LUMP – ” Late To The Flight / Curse of the Contemporary “

Posted: June 7, 2018 in ALBUMS, MUSIC
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As an intimate meditation on modern womanhood, Laura Marling’s Semper Femina was about as grounded as could be. Just a year later on LUMP, the debut of her side project with Tunng founder Mike Lindsay, Marling shakes off the pressures of authorship and embraces the surreal, ditching her persona of world-weary folk singer to be the medium for the faceless expressive force the duo call LUMP. While her lyrics might be free to lean into the abstract, Marling’s vocal performance is still recognizably folksy, down to her cadence and melodies on nearly every track. Lindsay has wrapped her voice in pulsing, hypnotic arrangements that easily slide from euphoric to ominous, and on the album’s dreamiest cuts the atmosphere gets filled out with sunny woodwinds and an angelic choir of Marlings harmonizing into infinity. All that surrealist pop plays out over 30 minutes of interlocking songs, enough to keep you thoroughly entranced and get you hoping LUMP might soon inspire its hosts to deliver more.

“Late To The Flight” kicks off the album in stunning fashion, welcoming listeners with a shimmering aural sunrise painted in flutes and endless layers of Marling’s delicate voice.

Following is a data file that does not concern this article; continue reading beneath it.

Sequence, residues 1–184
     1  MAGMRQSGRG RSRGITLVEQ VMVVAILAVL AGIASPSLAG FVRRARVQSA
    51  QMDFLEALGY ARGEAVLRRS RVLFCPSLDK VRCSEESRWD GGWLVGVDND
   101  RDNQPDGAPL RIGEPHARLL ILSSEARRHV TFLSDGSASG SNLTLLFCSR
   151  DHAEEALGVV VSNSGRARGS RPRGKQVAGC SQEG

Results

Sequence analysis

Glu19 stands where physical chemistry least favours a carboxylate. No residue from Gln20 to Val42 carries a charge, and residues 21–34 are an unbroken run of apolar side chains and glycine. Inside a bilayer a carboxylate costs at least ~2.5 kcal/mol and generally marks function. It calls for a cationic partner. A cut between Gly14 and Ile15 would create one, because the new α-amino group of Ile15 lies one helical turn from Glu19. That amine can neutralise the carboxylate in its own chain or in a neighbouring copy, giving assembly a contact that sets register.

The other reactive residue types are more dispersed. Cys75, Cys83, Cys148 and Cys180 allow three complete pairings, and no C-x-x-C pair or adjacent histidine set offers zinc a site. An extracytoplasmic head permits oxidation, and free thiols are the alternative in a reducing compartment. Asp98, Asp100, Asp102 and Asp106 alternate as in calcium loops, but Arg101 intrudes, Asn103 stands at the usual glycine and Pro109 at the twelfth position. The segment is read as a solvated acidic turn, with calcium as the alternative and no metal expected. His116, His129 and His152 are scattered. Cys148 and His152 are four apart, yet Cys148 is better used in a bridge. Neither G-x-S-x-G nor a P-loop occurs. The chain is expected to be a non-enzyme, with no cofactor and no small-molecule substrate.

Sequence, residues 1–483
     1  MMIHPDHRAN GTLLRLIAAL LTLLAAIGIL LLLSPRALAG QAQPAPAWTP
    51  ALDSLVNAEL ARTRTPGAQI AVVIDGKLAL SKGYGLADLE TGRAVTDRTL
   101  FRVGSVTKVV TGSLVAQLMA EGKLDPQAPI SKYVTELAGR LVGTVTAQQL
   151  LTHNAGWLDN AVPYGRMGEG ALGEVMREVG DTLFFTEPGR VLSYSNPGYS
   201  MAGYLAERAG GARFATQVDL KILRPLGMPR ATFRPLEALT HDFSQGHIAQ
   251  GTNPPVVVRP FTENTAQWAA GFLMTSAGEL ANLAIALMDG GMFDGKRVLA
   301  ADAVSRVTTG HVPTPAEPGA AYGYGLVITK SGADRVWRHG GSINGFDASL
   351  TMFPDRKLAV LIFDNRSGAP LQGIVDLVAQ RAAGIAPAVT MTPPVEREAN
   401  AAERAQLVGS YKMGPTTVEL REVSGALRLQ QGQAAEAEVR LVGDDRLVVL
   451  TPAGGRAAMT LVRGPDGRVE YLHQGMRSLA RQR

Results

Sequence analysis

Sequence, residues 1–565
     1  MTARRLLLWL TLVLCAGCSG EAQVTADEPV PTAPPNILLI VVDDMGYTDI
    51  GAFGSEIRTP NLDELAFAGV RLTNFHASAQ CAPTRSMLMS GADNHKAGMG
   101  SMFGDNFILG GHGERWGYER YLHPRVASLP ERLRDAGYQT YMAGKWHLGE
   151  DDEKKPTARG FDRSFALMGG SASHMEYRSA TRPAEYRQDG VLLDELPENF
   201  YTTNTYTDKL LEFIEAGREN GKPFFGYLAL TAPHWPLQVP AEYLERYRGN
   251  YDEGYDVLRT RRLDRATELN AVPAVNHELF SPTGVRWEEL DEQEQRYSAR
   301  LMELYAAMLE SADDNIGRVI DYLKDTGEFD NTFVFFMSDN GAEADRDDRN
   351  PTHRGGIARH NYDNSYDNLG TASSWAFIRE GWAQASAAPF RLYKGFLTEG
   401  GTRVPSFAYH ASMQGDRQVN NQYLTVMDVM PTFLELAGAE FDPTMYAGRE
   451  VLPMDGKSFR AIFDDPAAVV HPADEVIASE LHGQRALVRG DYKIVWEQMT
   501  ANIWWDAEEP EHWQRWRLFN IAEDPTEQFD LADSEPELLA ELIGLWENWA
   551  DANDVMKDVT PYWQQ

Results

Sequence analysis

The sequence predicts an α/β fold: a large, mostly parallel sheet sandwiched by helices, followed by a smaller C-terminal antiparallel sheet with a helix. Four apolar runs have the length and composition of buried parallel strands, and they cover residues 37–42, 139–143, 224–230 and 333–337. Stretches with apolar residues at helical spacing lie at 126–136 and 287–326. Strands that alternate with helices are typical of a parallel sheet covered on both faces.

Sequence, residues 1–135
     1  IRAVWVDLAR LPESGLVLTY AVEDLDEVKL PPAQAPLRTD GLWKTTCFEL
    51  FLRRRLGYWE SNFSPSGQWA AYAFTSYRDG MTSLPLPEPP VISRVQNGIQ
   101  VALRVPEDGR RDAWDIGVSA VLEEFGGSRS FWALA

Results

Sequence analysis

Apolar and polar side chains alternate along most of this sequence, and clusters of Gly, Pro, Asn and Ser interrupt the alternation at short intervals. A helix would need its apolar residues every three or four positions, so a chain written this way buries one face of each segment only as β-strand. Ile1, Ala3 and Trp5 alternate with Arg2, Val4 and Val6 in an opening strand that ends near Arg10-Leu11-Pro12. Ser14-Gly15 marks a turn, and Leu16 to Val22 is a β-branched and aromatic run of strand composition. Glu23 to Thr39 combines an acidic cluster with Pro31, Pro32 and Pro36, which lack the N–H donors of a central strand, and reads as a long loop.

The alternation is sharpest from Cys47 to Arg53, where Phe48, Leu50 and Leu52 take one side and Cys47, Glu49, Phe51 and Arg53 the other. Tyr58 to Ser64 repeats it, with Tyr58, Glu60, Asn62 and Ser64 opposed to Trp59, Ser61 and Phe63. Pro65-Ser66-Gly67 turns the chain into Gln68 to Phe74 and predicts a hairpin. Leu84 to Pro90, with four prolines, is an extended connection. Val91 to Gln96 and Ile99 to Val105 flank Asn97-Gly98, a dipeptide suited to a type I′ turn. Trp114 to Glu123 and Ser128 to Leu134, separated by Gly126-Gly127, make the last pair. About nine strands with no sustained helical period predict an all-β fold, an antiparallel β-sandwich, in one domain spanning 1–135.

Tunng’s Mike Lindsay – a prolific, Mercury prize-winning producer – was introduced to Grammy-nominated, Brit award-winning singer-songwriter Laura Marling after her show supporting Neil Young in London. LUMP is a heady blend of wonked-out guitars, Moog synths and pattering drums, set against droning, coiling clouds of flutes and voices. The lyrics are inspired by early-20th-century Surrealism and the absurdist poetry of Edward Lear and Ivor Cutler – a bizarre but compelling narrative about the commodification of curated public personas, the mundane absurdity of individualism, and the lengths we go to escape our own meaninglessness.

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